Our programme has been investing in primary prevention efforts across Africa and Asia for the last six years, efforts that seek to understand and address the underlying causes of violence, effective interventions to prevent it and evidence on the costs of VAWG. One in three women globally experience violence at the hands of a man and in some of the communities where What Works worked, rates were closer to two in three. In South Sudan, up to 73% of women experienced violence in their lifetimes. In the DRC, almost 70% of women experienced violence from a partner in the past 12 months. In South Africa, 60% of men perpetrated violence against women in the past year. In all these countries violence has become a normal part of life.
The What Works programme saw recurring themes and lessons emerge from the research. What Works discovered that the key drivers of VAWG are mutually reinforcing, enhancing their potency, that the main drivers include; patriarchal social norms, practices and institutions, exposure to violence in childhood, poverty, limited education for girls, and partner alcohol and drug use and poor mental health. The programme learned that there are very specific elements which led to interventions working; for example; those that were rooted in knowledge of the local context, that understood the multiple drivers, that worked with men as well as women, and where relevant, the whole family, those that offered supportive engagement with couples experiencing violence, were age-appropriate, and were long enough.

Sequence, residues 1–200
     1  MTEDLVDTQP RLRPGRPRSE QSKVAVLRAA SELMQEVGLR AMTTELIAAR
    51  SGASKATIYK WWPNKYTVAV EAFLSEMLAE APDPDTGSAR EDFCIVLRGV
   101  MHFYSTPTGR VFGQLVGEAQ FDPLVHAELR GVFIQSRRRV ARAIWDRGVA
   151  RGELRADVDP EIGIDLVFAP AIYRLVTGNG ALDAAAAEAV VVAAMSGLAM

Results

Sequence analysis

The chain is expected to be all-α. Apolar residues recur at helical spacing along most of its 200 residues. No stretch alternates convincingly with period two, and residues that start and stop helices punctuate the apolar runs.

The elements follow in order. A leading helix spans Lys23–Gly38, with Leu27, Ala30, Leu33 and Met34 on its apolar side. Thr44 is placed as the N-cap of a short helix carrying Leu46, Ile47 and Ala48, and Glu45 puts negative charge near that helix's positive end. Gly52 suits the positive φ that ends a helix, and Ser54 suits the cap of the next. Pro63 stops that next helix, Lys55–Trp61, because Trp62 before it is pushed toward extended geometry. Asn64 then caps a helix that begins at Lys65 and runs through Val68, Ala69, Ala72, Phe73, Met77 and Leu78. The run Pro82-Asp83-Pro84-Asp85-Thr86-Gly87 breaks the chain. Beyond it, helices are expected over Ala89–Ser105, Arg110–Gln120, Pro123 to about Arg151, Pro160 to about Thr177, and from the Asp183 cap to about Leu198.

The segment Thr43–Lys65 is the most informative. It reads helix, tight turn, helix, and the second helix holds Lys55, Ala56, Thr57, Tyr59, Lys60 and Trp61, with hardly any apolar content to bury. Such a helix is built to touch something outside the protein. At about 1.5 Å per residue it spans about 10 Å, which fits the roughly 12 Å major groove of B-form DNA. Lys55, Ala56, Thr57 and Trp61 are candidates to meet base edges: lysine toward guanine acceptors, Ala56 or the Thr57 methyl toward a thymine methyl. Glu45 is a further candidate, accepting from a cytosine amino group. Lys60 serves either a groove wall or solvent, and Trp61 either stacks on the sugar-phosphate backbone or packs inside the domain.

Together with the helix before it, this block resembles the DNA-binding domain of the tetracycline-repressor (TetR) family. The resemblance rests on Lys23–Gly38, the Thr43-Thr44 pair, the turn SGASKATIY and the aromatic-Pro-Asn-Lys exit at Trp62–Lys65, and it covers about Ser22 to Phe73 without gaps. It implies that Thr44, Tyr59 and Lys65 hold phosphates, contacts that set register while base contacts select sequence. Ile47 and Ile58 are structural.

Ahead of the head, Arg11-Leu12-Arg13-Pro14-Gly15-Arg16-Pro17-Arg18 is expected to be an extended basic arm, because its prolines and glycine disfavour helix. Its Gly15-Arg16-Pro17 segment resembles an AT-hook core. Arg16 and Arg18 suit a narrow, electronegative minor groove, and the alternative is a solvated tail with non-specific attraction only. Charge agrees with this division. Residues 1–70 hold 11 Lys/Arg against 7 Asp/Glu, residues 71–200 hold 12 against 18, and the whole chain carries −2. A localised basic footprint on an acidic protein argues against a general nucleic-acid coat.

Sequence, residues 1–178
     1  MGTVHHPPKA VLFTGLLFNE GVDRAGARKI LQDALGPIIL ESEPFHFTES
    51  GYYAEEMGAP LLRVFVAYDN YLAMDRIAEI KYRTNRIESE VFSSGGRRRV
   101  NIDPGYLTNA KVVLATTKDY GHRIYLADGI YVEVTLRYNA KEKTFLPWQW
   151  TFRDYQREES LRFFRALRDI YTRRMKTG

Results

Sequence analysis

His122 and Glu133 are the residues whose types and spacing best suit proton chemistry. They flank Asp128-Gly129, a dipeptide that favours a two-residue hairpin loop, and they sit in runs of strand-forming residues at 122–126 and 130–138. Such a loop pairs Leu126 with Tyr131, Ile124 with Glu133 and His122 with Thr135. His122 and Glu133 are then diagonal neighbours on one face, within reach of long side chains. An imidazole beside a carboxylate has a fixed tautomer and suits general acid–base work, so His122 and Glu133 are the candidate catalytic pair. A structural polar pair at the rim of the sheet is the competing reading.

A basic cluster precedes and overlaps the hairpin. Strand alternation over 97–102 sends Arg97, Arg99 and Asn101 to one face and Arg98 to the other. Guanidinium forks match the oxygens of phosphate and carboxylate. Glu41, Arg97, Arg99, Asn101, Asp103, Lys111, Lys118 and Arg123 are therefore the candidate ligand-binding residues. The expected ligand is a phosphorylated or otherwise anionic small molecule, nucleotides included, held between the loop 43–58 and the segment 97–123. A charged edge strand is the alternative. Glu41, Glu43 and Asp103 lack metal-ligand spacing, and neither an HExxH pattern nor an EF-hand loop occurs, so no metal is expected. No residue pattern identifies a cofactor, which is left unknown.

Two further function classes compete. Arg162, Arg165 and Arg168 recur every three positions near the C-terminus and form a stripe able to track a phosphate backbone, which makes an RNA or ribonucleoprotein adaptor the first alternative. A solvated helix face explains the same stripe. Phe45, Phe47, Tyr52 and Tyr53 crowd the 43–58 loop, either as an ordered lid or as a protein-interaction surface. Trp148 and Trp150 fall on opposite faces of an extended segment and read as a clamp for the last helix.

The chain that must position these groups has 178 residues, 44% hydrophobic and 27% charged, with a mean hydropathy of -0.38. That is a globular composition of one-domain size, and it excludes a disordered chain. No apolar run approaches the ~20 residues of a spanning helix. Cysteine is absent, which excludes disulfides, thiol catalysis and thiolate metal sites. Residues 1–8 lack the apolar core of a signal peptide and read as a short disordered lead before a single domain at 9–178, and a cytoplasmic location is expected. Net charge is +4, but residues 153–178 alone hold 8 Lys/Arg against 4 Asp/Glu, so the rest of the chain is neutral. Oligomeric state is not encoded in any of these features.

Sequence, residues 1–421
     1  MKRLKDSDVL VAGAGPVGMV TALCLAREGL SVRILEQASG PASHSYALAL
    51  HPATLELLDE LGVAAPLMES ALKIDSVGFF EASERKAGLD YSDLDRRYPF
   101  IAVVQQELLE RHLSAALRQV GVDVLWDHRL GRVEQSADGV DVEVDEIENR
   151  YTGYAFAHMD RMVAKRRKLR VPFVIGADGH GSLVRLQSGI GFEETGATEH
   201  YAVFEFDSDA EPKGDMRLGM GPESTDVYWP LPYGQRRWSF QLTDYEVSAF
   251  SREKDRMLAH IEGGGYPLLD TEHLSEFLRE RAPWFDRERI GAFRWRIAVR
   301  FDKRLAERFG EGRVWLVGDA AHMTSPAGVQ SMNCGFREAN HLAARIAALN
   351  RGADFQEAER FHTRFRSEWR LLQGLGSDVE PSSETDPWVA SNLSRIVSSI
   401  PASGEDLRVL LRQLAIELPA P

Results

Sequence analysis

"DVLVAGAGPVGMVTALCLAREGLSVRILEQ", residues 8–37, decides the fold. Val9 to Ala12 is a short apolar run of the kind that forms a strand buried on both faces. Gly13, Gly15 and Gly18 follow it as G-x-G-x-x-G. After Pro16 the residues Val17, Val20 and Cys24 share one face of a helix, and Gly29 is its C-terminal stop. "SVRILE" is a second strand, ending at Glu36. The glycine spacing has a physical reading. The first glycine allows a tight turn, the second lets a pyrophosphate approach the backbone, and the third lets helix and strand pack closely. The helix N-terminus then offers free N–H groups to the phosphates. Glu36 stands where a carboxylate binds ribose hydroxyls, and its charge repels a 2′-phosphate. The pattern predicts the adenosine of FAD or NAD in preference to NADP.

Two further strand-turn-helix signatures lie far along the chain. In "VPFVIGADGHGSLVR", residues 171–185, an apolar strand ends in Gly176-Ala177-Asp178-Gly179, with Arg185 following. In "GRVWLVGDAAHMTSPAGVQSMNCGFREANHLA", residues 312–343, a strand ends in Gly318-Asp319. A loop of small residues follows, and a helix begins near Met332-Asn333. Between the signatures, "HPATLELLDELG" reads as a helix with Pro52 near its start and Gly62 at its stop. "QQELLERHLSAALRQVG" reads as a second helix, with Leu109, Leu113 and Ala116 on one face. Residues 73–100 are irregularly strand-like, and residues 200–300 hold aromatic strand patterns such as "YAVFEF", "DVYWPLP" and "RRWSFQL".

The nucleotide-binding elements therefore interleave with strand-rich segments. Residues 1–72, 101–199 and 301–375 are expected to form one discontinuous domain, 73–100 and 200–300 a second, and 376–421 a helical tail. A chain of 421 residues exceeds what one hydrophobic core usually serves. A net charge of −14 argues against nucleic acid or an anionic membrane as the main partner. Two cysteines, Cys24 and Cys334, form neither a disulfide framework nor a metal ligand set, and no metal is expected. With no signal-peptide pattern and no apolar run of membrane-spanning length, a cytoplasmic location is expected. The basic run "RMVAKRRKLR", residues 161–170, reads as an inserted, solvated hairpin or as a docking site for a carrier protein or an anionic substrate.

A programme in rural Rwanda, which worked with couples and community activists to challenge the social acceptance of violence and provide safe spaces for survivors, saw relationships improve, reduced depression for men and women, and resulted in more equitable household decision-making – this is just one of the 15 What Works projects that have shown that violence is preventable. In Tajikistan, a project combining economic empowerment with training on gender reduced intimate partner violence by 50%. In Ghana, community activist approaches to shift harmful norms led to a 55% reduction in sexual partner violence. In the DRC, a project mobilising faith leaders and community activists saw a five-fold reduction in non-partner sexual violence. In Pakistan, sports-based and play curricula in schools achieved significant reductions in corporal punishment and peer violence for girls and boys. And in Zambia, a cognitive behavioural treatment approach led to a 53% reduction in physical IPV and a 56% reduction in sexual IPV.
This rigorous evidence shows that abuse is not inevitable, that norms can, do and must change that violence is preventable. So we absolutely support the UNiTE's Generation Equality campaign to support broader advocacy for gender equality with its specific lens on preventing and ending violence against women and girls.